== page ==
What You Need to Know Before You Invest in Stocks

According to financial expert, Stacy Johnson of MoneyTalksNews.com, if you want to retire rich, you only need to do three things.

According to financial expert, Stacy Johnson of MoneyTalksNews.com, if you want to retire rich, you only need to do three things. The first is to keep debt to an absolute minimum, because paying interest simply increases the cost of whatever you’re financing. The second thing you need to do is to live below your means: to always spend less than you make and set money aside.

Less often discussed but just as important, however, is the third thing you’ll need to become financially independent: knowledge about investing. Because while cutting up your credit cards and skipping $4 lattes is smart, how you invest those savings can determine success or failure in reaching your goals.

Let’s say you’re determined to save extra money by reading stories like 28 Ways to Save on Food and as a result of all this sage advice, you find yourself with an extra 10 bucks a day, or $300 a month. If you have any sense, the first thing you’ll do is use that new-found money to pay down debt. But what then? If the only thing you do is put your savings in 1% money market account, after 20 years you’ll compound your way to a balance of $80,000. Nice. But if you earn 10% instead of 1%, your nest egg will increase to about $228,000. Way nicer.

So learning to invest your spare money wisely, including the money you’re (hopefully) putting aside in your retirement plan, is nearly as important as learning to find it. And if you approach it properly, it’s really not that hard.

When it comes to investing, while it may seem there are dozens of options, there are really only two. You can either be a loaner or an owner. A loaner is someone who allows others to borrow their money in exchange for interest. An owner, on the other hand, invests in somebody else’s business with the hope that their ownership interest grows in value.

If you put money in the bank, or in any kind of bonds, you’re a loaner. You’re investing in debt. If you invest in the stock market or real estate you’re an owner. You’re investing in equity. Over decades, loaner investments like government bonds have paid a little less than the inflation rate: about 4%. Owner investments, like stocks, have paid a lot more, beating inflation by a few percentage points: about 8%. This is as it should be: after all, ownership investing carries additional risk. If it didn’t pay more, nobody would do it.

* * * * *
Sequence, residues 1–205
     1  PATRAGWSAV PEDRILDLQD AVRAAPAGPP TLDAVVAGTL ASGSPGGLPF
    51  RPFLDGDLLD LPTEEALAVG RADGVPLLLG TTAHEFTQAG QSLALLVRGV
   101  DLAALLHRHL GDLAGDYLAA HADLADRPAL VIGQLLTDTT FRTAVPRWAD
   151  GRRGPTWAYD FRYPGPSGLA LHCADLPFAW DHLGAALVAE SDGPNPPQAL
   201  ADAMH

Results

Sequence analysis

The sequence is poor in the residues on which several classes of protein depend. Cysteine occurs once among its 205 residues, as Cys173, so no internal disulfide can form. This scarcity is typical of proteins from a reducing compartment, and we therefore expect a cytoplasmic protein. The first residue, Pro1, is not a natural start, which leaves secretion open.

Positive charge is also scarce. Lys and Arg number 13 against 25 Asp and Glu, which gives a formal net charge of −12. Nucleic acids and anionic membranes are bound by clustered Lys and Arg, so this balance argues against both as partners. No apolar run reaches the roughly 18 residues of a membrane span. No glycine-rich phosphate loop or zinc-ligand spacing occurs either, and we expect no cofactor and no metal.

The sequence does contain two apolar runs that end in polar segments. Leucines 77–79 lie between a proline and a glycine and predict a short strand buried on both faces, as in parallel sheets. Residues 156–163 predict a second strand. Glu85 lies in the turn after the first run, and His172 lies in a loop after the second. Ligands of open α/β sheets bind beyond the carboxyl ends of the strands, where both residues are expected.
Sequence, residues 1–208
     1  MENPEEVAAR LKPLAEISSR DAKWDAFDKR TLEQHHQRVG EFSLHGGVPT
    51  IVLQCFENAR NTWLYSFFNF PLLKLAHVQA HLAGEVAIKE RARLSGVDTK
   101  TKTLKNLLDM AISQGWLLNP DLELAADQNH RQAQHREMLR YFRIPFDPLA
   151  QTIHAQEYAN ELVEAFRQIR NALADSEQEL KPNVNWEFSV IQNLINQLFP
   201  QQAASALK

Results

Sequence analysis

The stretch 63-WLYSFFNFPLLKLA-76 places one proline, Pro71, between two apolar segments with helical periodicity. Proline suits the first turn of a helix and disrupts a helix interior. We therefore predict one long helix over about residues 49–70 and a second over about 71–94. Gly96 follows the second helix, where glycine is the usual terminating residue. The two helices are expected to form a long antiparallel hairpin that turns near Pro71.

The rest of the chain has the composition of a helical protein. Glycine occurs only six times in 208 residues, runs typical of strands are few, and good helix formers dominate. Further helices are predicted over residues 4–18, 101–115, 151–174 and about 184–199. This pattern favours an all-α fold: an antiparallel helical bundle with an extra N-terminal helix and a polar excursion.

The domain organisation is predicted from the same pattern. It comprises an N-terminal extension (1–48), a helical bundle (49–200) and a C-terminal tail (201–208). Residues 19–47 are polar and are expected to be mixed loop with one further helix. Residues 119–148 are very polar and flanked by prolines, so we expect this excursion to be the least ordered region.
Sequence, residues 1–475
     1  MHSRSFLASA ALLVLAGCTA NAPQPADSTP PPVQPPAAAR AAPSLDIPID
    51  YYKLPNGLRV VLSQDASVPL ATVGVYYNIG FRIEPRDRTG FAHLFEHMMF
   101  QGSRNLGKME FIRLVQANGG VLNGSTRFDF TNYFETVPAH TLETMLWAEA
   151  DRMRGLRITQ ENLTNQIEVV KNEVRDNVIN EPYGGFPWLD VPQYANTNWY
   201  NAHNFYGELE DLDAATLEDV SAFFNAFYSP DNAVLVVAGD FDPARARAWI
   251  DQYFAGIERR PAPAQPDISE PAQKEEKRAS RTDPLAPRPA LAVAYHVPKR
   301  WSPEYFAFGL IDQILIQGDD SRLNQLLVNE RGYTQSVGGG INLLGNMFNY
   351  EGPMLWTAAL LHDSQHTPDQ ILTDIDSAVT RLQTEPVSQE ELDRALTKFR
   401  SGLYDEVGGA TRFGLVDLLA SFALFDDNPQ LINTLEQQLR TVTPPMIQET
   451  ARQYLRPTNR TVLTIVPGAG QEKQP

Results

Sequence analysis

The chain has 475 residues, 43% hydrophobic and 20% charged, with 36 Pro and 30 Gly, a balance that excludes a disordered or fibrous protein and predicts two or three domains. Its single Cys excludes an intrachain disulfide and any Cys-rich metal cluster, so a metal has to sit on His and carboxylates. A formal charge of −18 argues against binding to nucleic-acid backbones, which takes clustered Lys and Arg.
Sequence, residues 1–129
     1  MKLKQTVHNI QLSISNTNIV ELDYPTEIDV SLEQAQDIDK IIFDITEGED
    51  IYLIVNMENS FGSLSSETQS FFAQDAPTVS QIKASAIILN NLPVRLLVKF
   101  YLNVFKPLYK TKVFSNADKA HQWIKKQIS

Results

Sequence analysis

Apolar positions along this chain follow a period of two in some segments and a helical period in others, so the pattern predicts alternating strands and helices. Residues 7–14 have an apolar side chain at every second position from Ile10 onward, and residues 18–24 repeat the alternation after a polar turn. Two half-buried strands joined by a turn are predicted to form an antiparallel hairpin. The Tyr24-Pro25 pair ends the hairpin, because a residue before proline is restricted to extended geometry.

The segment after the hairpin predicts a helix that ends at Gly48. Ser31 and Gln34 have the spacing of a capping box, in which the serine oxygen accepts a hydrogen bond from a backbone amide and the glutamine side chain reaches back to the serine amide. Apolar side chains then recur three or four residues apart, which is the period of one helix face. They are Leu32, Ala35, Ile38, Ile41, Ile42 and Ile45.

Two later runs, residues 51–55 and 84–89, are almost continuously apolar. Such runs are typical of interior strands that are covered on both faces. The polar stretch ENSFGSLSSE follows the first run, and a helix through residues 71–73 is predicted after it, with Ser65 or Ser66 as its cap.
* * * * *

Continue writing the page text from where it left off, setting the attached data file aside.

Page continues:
But that doesn’t mean owner investments are better than loaner. Both are necessary. Loans offer relative safety, depending, of course, upon who you lend your money to. And ownership investments offer the opportunity for growth, depending on whose business or what real estate you invest in. If you try to play it too safe and put all your money into super-safe loan investments, you’re practically guaranteed to lose to inflation over time. But if you put all your eggs in a risky ownership basket, you’re likely to lose both sleep and your savings. So you need both. The trick is how to determine how much of each, then to learn about both.

What you need to remember:

  • Don’t ever put any money into stocks that you could possibly need within five years. The longer your time horizon, the lower your risk. This is also true of real estate investments.
  • Don’t put all your eggs in one basket. If you can’t afford to buy more than one stock, use a mutual fund or Exchange Traded Fund. That way you own a sliver of lots of different companies rather than just one or two.
  • Don’t invest in stocks all at once: invest small amounts monthly. That way, should the market fall, you’ll have money on the sidelines to buy at lower prices.
  • To decide how much to put in loaner investments (the bank) and how much to put in owner investments (stocks or real estate) here’s your rule of thumb: Subtract your age from 100 and that’s the percentage you might want to put in stocks. So if you’re 25 years old, you’d take 25 from 100 and put that amount, 75%, of your long-term savings into stocks. If you’re 75 years old, you’d only take that kind of risk with 25% of your savings.


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Originally Published in Reader's Digest